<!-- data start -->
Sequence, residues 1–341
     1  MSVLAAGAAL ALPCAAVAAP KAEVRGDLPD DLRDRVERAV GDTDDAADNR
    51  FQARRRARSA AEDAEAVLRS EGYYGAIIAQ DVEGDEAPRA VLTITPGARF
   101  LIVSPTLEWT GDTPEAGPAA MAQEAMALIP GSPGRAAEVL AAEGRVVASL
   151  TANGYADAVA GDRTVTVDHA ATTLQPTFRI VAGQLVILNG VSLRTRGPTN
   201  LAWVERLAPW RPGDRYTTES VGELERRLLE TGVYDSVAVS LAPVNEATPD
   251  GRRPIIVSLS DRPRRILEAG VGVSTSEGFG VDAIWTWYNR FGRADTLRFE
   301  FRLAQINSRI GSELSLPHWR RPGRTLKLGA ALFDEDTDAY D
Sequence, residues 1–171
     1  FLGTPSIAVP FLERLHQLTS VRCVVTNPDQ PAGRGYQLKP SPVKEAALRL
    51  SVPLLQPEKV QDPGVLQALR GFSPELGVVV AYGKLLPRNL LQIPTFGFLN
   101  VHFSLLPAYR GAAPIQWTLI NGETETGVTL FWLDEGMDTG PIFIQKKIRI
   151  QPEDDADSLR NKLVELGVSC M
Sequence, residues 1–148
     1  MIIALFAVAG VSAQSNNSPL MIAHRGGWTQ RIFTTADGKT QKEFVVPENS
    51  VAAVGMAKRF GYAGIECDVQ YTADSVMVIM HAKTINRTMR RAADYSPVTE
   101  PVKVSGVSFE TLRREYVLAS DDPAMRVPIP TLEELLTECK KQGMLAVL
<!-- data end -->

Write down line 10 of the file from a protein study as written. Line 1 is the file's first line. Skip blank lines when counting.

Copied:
     1  FLGTPSIAVP FLERLHQLTS VRCVVTNPDQ PAGRGYQLKP SPVKEAALRL